Ubuntu To Officially Switch To systemd Next Monday

from the dissenting-dachshund dept.
jones_supa writes: Ubuntu is going live with systemd, reports Martin Pitt in the ubuntu-devel-announce mailing list. Next Monday, Vivid (15.04) will be switched to boot with systemd instead of UpStart. The change concerns desktop, server, and all other current flavors. Technically, this will flip around the preferred dependency of init to systemd-sysv | upstart in package management, which will affect new installs, but not upgrades. Upgrades will be switched by adding systemd-sysv to ubuntu-standard‘s dependencies. If you want, you can manually do the change already, but it’s advisable to do an one-time boot first. Right now it is important that if you run into any trouble, file a proper bug report in Launchpad (ubuntu-bug systemd). If after some weeks it is found that there are too many or too big regressions, Ubuntu can still revert back to UpStart.

Looking To Replace Your XP? Here Are 30 Open Source Alternatives!

20140421-200302.jpg

Original article & links

Monday, April 21, 2014: With all the Windows XP end of life fiasco now well behind us, Linux is the preferred choice for individuals and organisations alike around the world. While Linux Mint has the same look and feel as XP, Ubuntu’s recent LTS release boasts of tremendous functionality and a seamless user interface. Likewise, the world of Linux and Open Source has a lot to offer when it comes to providing you with a good alternative to the famed XP. Here are 30 Linux Operating Systems making headlines.

1.Linux Mint

The purpose of Linux Mint is to produce a modern, elegant and comfortable operating system which is both powerful and easy to use. Started in 2006, Linux Mint is now the 4th most widely used home operating system behind Microsoft Windows, Apple Mac OS and Canonical’s Ubuntu.

2.Ubuntu

Ubuntu is a Debian-based Linux operating system, with Unity as its default desktop environment (GNOME was the previous desktop environment).

3.Zorin OS

Zorin OS is a multi-functional operating system designed specifically newcomers to Linux. It is based on Ubuntu which is the most popular desktop Linux operating system in the world.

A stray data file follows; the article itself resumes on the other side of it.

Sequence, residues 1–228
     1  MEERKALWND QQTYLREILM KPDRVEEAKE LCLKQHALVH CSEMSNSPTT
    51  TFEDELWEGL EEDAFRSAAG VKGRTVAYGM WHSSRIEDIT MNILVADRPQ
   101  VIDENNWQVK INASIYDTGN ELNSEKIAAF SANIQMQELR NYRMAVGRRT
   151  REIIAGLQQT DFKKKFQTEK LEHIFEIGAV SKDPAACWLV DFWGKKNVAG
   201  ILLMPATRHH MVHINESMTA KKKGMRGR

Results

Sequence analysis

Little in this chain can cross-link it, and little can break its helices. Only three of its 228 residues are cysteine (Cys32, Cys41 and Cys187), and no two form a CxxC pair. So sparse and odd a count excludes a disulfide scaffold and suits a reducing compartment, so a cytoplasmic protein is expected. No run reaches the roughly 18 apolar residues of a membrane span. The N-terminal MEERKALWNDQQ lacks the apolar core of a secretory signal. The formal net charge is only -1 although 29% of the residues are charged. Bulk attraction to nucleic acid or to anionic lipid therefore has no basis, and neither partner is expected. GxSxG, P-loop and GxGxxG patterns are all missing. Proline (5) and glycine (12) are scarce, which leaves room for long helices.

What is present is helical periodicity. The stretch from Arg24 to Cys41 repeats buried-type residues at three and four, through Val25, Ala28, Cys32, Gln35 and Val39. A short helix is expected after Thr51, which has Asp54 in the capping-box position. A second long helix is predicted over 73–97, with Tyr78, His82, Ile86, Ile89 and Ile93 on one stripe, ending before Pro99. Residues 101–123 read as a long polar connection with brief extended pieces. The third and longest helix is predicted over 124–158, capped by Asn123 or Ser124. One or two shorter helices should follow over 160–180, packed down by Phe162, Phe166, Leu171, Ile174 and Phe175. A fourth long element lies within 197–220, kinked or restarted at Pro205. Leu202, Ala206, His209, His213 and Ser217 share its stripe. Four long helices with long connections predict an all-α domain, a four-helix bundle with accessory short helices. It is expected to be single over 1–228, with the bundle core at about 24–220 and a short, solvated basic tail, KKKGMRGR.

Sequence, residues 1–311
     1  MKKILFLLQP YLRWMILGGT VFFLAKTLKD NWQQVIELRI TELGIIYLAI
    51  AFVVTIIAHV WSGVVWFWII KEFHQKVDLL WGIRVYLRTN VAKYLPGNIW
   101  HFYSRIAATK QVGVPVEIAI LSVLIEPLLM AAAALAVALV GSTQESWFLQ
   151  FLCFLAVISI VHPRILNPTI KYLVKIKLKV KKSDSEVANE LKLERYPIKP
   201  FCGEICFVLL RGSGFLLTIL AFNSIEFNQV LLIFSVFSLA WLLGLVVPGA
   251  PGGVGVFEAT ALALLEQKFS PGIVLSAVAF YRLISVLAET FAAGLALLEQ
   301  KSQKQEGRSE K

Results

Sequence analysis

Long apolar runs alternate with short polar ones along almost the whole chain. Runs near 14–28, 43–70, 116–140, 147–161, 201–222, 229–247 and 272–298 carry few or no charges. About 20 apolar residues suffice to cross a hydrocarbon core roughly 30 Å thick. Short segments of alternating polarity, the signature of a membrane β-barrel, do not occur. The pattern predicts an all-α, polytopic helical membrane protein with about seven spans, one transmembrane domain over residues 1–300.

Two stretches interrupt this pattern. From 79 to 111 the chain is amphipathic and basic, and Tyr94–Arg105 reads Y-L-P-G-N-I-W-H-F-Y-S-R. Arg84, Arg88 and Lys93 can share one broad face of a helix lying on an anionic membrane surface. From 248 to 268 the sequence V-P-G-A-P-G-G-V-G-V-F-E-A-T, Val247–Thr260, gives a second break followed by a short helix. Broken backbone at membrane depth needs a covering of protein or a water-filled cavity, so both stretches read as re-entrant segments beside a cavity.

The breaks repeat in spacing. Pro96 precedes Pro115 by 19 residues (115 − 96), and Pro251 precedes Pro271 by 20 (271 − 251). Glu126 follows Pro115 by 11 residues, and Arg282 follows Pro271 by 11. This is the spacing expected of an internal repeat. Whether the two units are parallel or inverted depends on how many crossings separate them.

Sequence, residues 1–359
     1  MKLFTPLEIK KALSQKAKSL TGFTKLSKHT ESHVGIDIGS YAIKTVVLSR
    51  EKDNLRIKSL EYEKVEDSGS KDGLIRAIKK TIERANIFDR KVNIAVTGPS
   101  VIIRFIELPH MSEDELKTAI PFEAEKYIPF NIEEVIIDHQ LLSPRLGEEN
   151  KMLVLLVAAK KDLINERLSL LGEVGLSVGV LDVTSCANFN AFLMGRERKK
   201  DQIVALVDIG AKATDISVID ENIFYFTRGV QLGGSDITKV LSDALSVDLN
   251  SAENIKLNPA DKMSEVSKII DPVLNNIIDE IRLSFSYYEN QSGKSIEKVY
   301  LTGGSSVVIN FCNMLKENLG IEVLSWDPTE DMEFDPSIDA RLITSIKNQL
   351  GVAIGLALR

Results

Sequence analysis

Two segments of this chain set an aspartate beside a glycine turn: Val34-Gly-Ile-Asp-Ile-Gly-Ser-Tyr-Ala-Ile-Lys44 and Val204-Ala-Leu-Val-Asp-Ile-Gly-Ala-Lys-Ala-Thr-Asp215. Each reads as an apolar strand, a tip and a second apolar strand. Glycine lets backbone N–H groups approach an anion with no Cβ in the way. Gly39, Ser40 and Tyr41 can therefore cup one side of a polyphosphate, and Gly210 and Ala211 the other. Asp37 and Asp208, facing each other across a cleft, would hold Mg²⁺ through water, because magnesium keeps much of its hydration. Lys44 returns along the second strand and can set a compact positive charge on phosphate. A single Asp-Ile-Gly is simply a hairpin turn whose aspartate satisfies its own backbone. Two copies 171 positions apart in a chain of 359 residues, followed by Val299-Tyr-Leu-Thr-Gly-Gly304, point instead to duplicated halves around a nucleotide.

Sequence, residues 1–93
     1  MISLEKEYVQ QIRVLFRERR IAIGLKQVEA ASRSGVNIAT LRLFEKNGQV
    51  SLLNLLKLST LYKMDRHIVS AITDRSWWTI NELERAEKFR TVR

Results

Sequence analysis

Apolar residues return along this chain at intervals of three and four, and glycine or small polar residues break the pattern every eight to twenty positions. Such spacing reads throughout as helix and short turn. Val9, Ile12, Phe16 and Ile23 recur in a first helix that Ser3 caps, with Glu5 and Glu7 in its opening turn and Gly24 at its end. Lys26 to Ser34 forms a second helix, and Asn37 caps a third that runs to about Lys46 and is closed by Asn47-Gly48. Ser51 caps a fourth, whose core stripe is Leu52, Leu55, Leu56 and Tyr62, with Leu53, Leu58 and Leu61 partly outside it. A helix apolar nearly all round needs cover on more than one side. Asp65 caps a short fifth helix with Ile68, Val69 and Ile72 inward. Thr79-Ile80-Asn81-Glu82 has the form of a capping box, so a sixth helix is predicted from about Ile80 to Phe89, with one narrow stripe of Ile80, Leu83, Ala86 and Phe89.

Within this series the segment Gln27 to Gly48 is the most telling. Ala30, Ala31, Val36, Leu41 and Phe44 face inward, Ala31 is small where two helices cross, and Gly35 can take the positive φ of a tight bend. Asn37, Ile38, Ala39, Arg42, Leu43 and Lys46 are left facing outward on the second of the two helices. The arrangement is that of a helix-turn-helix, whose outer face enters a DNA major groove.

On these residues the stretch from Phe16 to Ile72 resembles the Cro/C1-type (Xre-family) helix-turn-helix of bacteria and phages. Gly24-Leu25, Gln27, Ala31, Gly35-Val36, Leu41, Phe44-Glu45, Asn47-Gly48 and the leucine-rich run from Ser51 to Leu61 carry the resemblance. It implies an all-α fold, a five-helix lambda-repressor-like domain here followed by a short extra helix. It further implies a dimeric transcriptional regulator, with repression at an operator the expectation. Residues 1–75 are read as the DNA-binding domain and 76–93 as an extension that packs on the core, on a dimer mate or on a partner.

4.MEPIS

MEPIS is a set of Linux distributions, distributed as Live CDs that can be installed onto a hard disk drive. The most popular MEPIS distribution is SimplyMEPIS, which is based primarily on Debian stable. It can either be installed onto a hard drive or used as a Live CD, which makes it externally bootable for troubleshooting and repairing many operating systems. It includes the KDE desktop environment.

5.Manjaro

Manjaro is a user-friendly Linux distribution based on the independently developed Arch operating system. Manjaro provides all the benefits of the Arch operating system combined with a focus on user-friendliness and accessibility. Available in both 32 and 64 bit versions, Manjaro is suitable for newcomers as well as experienced Linux users.

6.PCLinuxOS

PCLinuxOS is distributed as a LiveCD, and can also be installed to your computer. The LiveCD mode lets you try PCLInuxOS without making any changes to your computer. If you like it, you can install the operating system to your hard drive. Locally installed versions of PCLinuxOS utilise the Advanced Packaging Tool (or APT), a package management system (originally from the Debian distribution), together with Synaptic, a GUI frontend to APT for easy software installation.

7.Mageia

Mageia is a Linux computer operating system, distributed as free and open source software. It is forked from the Mandriva Linux distribution.

8.OpenMandriva

OpenMandriva Lx is an exciting free Desktop Operating System that aims to cater to and interest first time and advanced users alike. It has the breadth and depth of an advanced system but is designed to be simple and straightforward in use.

9.Kubuntu

Kubuntu is an operating system built by a worldwide team of expert developers. It contains all the applications you need: a web browser, an office suite, media apps, an instant messaging client and many more.

10.Netrunner

Netrunner is a KDE focused, complete OS. It comes in two variants, one is built on Kubuntu/Debian (Main/Standard Release), one is built on Manjaro/Arch (Rolling Release).

11.Point Linux

Point Linux is a GNU/Linux distribution that aims to combine the power of Debian GNU/Linux with the productivity of MATE, the Gnome 2 desktop environment fork. Point Linux provides an easy to set up and use distribution for users, looking for a fast, stable and predictable desktop.

12.Korara

Originally based on Gentoo Linux in 2005, Korora was re-born in 2010 as a Fedora Remix with tweaks and extras to make the system “just work” out of the box.

13.Sabayon